The doctor arrived and realised I was haemorrhaging. She gave me an injection to make my womb contract and phoned for an ambulance to take me to hospital. The ambulance arrived and said that the Air Ambulance was available and it could get me to the hospital a lot faster.
The helicopter crew were fantastic and put me at ease, I didn’t feel scared about being in the helicopter and in fact, I remember feeling sad that I couldn’t look out of the windows! We arrived at the hospital in about 15 minutes, compared to the usual hour and a bit by road.
I was taken to casualty and suddenly started to go downhill. My blood pressure dropped dangerously low and I passed out. When I came to I had a cannula in both wrists and elbows as they flushed fluid in me to raise my blood pressure. Had this happened in the road ambulance I doubt I would have survived and this is why I will always be grateful to the Air Ambulance.
After my mum and hubby had arrived I felt an overwhelming need to push and whatever was left of the baby I pushed out. The consultant took one look and immediately arranged for me to go for surgery and a D&C.
I was soon home and had to get used to the idea that I wasn’t pregnant again. In fact, that week I had what I call my week of hell. I lost the baby, we were turned down for a council house and then my Fiesta, my one and the only decent car that I have ever owned and had owed for 7 years, died when the cam belt blew (and I have had nothing but bad luck with cars since!) I remember sobbing in the AA van for my baby, my car and my house!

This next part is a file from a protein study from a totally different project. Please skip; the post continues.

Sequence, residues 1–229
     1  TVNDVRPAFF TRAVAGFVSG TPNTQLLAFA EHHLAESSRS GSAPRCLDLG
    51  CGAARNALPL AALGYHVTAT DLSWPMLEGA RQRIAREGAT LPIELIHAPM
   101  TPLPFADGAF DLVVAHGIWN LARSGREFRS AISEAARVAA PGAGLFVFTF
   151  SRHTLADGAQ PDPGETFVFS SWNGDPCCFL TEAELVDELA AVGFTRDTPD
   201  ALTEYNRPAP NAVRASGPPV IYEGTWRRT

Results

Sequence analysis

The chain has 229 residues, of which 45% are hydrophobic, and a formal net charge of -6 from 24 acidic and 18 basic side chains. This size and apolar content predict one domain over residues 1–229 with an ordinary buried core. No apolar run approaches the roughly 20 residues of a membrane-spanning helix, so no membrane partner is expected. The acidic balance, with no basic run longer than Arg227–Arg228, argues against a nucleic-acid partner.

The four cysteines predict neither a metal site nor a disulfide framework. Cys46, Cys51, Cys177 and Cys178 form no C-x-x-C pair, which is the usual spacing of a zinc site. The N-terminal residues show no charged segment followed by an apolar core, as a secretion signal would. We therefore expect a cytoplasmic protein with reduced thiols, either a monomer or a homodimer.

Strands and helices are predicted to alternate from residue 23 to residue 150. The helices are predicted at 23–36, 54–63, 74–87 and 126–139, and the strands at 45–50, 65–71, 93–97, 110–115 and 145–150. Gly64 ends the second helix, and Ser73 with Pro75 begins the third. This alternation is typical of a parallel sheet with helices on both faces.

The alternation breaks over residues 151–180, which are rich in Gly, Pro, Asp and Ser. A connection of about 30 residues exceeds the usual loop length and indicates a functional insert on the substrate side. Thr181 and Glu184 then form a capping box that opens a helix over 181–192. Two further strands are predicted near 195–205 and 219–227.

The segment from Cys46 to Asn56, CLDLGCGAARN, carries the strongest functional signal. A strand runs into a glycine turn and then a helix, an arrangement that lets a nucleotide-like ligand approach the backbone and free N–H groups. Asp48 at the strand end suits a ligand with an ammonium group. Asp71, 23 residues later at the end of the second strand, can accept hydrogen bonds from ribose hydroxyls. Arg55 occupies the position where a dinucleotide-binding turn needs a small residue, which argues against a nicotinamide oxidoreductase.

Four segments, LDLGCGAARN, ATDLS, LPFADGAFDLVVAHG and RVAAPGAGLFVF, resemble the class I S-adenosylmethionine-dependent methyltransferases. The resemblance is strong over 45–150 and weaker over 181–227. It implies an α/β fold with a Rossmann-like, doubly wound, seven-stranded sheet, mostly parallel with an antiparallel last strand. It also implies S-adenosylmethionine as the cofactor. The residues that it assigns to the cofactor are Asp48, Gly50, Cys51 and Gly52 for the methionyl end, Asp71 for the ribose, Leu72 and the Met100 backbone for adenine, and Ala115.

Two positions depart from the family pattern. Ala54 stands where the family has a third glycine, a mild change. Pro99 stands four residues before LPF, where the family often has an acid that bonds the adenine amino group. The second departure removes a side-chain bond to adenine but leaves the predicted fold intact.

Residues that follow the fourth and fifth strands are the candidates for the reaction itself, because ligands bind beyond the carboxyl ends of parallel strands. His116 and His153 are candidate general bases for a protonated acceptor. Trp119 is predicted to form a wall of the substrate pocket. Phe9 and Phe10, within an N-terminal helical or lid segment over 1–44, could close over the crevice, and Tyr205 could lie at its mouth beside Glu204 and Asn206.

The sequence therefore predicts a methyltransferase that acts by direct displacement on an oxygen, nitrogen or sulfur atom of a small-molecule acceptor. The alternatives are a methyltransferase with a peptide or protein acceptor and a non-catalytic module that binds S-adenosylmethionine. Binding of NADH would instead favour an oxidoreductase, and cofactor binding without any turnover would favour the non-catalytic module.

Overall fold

The day after I came out of hospital I had a phone call to say I had an infection and needed to take antibiotics. For many years I thought I had suffered an anembryonic pregnancy which is also known as a blighted ovum. This is when the pregnancy sac develops in the womb, but the sac is empty and doesn’t contain a baby. The most likely explanation is that the baby stopped developing at a very early stage and was reabsorbed. This is usually discovered between the 8th and 13th week of pregnancy, usually during your dating scan and can come as a shock if you had no symptoms of pregnancy.
A few years ago I happened to spot in my notes at the Drs that there was indeed a baby and that it had stopped developing at 8 weeks gestation. I tried to think if anything was special about when I was 8 weeks pregnant and that is when I remembered visiting the petting farm and I realised that I must have caught an infection from the lambs.